Right after Surf and Sand is Torres Street.  Turn left and walk up the hill.  Across from the parking area of the Best Western you will find Hansel and Gretel. The view above is of Hansel  from Torres Street. 




This is the view that is most famous, but is NOT available to the general public because it is on private property. In fact all of the homes reviewed are privately owned (except for Tuck Box).  So please respect homeowners and stay behind the gate on the street side.  Thank you. 



Hugh and Mayotta in front of Hansel (Doll House) 1924

Hansel, originally called Doll House, was built in 1924 by Hugh Comstock for his wife Mayotta's Otsy-Totsy dolls. You may read more about Hugh and Mayotta as well as see more pictures of Hansel and Gretel in my blog post from 2013



Walk back down the hill you just climbed and turn left on Sixth Avenue.  On the southeast corner of Torres and Sixth is the historic Grant Wallace House. This is a Tudor Storybook style (my daughter-in-law calls it the Keebler Elf House).  It was built in 1927 by Jess Nichols for Grant Wallace, a San Francisco newspaperman and occultist.  


Next door on the northeast corner of Torres and Ocean Avenue is The Woods house another Tudor Storybook house, this one was designed by Hugh Comstock in 1927 for the artist Mary Young-Hunter


Walk back on Torres to Sixth Avenue and turn right.  This time look to the northeast corner to find the Hugh Comstock Residence.  This was Hugh and Mayotta's personal home.  You may read more about this and see pictures of the inside in my blog post here.   






Next door at the northwest corner of Santa Fe Street and Sixth Avenue is Comstock Studio.  This Tudor Storybook style house was built by Comstock in 1927 as his studio and office.   



 

Turn left on Santa Fe.  The fourth house from the corner on the west side of the street is Our House.  Hugh Comstock built this for Elizabeth Armstrong in 1928.  You will know you have the correct house, when you spot the narrow arched three-light casement window with heart shaped cut out.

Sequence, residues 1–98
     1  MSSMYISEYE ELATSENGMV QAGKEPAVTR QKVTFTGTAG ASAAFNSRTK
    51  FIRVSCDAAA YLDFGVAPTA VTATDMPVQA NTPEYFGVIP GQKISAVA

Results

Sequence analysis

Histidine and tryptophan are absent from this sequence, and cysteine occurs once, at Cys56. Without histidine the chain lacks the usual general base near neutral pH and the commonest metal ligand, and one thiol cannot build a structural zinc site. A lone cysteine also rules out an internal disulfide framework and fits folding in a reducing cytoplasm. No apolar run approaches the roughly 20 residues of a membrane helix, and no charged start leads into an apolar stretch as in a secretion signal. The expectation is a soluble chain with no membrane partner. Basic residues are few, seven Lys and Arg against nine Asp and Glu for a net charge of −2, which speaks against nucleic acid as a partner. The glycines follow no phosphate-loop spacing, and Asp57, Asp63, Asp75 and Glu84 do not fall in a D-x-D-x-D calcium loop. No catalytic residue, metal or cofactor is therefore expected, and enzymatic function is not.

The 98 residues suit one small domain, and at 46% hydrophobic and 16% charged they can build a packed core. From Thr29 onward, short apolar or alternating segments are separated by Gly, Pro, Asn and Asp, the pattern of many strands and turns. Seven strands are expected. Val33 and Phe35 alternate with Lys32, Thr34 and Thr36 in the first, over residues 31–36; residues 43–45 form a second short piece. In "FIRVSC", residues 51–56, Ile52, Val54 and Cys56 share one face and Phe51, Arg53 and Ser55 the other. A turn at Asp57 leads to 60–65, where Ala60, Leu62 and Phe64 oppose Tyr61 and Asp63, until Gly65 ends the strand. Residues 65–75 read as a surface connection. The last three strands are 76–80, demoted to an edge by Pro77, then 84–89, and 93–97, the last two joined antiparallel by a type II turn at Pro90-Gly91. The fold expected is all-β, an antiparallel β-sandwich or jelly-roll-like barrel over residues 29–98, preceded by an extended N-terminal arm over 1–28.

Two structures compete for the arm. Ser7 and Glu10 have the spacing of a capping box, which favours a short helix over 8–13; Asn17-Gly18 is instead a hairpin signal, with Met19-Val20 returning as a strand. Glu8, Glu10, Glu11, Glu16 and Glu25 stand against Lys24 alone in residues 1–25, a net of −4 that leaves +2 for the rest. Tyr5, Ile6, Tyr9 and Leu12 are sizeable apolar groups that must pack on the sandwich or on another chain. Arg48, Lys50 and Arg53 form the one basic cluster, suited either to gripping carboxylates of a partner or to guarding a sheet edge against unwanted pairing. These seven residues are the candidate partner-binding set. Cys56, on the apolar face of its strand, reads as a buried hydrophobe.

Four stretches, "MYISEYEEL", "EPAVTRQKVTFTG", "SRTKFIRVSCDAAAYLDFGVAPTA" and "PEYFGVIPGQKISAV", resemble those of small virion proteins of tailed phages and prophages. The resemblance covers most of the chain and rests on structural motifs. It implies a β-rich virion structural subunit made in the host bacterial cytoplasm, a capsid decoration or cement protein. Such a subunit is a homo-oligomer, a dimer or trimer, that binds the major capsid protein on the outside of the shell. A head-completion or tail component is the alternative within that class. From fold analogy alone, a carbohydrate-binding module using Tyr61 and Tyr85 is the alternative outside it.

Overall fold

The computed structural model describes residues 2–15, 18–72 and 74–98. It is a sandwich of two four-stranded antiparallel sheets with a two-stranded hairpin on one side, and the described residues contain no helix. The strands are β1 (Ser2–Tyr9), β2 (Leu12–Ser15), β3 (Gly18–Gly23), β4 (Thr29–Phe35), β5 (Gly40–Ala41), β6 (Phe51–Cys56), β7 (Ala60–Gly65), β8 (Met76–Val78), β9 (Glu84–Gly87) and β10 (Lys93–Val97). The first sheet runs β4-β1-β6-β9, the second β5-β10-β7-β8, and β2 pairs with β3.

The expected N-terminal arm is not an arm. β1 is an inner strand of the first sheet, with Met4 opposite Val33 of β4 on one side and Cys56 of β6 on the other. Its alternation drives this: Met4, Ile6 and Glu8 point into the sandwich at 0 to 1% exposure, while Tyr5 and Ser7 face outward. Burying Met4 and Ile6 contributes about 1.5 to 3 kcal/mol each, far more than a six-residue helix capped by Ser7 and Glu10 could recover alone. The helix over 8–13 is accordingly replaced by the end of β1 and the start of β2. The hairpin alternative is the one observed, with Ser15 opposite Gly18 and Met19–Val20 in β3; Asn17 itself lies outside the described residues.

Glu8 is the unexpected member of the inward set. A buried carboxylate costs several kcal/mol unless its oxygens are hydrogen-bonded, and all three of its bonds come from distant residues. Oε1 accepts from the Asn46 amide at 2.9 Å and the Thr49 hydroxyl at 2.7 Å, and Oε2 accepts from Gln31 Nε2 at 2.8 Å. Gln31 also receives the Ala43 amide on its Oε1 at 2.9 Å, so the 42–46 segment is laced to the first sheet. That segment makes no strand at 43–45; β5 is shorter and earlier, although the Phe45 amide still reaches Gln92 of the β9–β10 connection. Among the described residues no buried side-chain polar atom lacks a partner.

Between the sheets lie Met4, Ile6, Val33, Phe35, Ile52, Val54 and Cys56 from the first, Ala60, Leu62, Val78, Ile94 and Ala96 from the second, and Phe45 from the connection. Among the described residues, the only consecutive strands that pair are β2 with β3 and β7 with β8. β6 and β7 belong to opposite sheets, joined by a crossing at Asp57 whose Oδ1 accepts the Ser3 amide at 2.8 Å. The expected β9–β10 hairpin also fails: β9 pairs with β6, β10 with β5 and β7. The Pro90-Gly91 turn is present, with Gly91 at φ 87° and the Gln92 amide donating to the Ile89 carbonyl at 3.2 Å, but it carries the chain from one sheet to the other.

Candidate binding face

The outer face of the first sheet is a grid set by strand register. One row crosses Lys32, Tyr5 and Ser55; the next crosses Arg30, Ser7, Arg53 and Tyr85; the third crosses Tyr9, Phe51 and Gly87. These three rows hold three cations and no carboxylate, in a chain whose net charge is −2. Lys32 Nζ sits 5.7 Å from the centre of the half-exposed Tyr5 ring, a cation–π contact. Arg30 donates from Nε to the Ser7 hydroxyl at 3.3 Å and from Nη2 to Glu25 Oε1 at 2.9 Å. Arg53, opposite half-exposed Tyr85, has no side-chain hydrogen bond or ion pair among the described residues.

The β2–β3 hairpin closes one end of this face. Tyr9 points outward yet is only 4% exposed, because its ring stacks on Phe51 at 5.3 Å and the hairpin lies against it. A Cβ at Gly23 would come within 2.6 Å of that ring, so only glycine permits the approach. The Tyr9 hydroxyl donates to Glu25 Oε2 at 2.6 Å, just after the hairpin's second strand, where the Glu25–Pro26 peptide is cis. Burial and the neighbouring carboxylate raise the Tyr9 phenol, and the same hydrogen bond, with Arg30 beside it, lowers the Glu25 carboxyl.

Continue up almost to the end of the block on Santa Fe and find A Storybook Cottage (Santa Fe 2 southeast Fifth).  This original 384 square foot cottage was built in 1926 by Comstock's father-in-law, Thomas M. Browne.  You may read more about this house and view pictures toward the end of my blog post here






"Some time last year an easterner came out to the Monterey peninsula, built himself a house to settle down in, and decided to do a friendly thing in Carmel...He wanted to help create...He therefore chose an architect who would carry out this feeling sympathetically in the lines of his houses.  He rearranged his lots and the cottages on them...He grouped his cottages in community fashion (without fences)...like the English cottage.  The houses were cleverly planned and executed by Hugh Comstock."  (The Swain Houses, The Carmelite, February 6, 1929).

Walk back down Santa Fe and turn left on Sixth.  Here you will come to a group of five houses built for W. O. Swain, the easterner referred to in the above quote.